For years, onboarding was the ugly duckling of Human Resources departments. Focusing on other priorities, it has traditionally been difficult to find the time and money to design a plan that effectively integrates a company’s new employees.
Times; however, have changed. Today, HR professionals have realized that onboarding can help improve productivity, reduce turnover rates, and foster the spirit of collaboration within the company. If you’re still not convinced about this, we encourage you to read through the five convincing facts at the end of this article to help you see the light.
What’s onboarding anyway?
Onboarding is the process through which new employees acquire the knowledge and skills necessary to become effective members of an organization. This usually includes filling out a lot of paperwork (employment contract, confidentiality policy, proper use of IT equipment, etc.), knowing the history of the company and its products, interacting with colleagues, talking to managers, recognizing the values of the company, or simply knowing how the coffee machine works.
The idea is to integrate new hires into the organization. To help them go from being outsiders (many of them may not even know the company’s products in depth) to insiders (professionals who feel like they’re part of the company).
You may be interested in: The definitive guide to building your onboarding process from beginning to end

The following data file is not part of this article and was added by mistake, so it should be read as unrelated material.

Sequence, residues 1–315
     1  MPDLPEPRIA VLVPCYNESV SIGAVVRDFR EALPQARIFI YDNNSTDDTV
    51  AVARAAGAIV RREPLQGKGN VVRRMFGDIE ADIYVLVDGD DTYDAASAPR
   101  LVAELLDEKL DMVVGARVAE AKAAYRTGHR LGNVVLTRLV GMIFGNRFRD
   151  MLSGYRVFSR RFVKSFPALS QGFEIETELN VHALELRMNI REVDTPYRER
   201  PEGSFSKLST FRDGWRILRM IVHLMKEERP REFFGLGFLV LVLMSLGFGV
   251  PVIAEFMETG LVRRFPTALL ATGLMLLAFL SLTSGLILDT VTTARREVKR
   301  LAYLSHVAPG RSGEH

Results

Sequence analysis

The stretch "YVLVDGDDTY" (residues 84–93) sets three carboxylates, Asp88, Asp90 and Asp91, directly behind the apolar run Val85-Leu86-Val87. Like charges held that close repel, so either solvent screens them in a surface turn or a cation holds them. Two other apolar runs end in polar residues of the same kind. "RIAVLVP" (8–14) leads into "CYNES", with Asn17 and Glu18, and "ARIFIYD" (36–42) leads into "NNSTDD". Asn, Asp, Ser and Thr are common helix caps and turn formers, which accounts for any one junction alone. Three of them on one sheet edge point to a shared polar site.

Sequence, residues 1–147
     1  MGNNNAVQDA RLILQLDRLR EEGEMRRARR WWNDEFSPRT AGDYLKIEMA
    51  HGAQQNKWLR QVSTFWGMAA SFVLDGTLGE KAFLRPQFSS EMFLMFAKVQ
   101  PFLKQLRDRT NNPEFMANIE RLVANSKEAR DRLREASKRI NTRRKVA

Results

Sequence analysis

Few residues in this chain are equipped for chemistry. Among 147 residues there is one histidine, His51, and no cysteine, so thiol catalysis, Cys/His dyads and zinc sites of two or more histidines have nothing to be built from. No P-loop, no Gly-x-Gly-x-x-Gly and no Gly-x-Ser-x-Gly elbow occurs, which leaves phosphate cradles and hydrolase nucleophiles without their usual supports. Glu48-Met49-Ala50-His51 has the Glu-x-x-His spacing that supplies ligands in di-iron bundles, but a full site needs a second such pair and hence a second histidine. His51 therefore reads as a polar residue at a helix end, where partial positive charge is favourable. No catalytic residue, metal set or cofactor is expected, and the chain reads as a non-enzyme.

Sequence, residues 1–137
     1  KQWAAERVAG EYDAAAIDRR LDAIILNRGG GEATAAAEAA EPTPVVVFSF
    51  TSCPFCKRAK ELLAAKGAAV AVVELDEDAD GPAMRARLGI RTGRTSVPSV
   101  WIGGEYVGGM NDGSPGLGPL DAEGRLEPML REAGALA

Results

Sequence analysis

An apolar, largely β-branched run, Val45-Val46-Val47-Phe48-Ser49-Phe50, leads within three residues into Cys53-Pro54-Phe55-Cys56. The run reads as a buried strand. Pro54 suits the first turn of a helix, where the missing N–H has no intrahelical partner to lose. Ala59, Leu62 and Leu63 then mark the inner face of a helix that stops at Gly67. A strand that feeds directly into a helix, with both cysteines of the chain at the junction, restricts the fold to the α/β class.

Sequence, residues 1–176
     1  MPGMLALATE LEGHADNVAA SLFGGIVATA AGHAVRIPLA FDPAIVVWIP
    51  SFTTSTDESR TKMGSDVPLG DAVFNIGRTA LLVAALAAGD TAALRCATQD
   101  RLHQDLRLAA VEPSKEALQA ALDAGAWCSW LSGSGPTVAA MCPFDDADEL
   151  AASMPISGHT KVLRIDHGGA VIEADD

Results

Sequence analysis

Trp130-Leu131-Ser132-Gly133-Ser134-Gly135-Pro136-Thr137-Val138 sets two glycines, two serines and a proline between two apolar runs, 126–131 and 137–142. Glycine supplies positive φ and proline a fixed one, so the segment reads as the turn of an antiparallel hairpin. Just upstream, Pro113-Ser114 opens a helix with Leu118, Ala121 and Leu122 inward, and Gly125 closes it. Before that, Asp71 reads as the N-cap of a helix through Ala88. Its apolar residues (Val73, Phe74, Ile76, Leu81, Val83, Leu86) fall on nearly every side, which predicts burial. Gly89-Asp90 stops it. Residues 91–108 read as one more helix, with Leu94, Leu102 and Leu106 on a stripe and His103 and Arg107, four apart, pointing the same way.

The importance of onboarding in 5 facts
In recent years, more and more scientific studies have demonstrated the importance of investing time and money in the onboarding process. Based on the latest research, we’ve compiled five facts (published by Brandon Hall Group, Christine Marino and the Center for American Progress) to help convince you to get down to work:
1. A successful onboarding process improves the retention rate of new employees by 82% and their productivity by more than 70%.
2. Employees who participate in a well-structured onboarding process are 69% more likely to stay in the company for three years.
3. A new employee needs between 8 and 12 months to be as productive as their peers.
4. More than 50% of employees who leave their jobs do so during the first twelve months.
5. In the United States, the cost of replacing an average employee is between 10% and 30% of their annual salary (in some cases, as much a full or two-year salary).
You may be interested in: ADA, the Serious Game for internal communication, training and onboarding
Personnel induction: invest now so you don’t have to do it later
All this is summed up by the fact that investing in the onboarding process makes employees more productive in less time, reinforces the company’s culture, and reduces turnover rates. At a time when all companies face the difficult challenge of attracting and retaining talent, the onboarding process can be an important factor in a company’s overall strategy.
Furthermore, it is evident that not having a good onboarding process can incur enormous costs for companies. If employees do not understand how the company works in a short period of time, do not identify with it, or do not know what its objectives are, the result will be unproductive workers and high turnover rates.
The solution is to invest time and money in the onboarding process starting now, so as not to have to do it (two, three, or four times) down the road.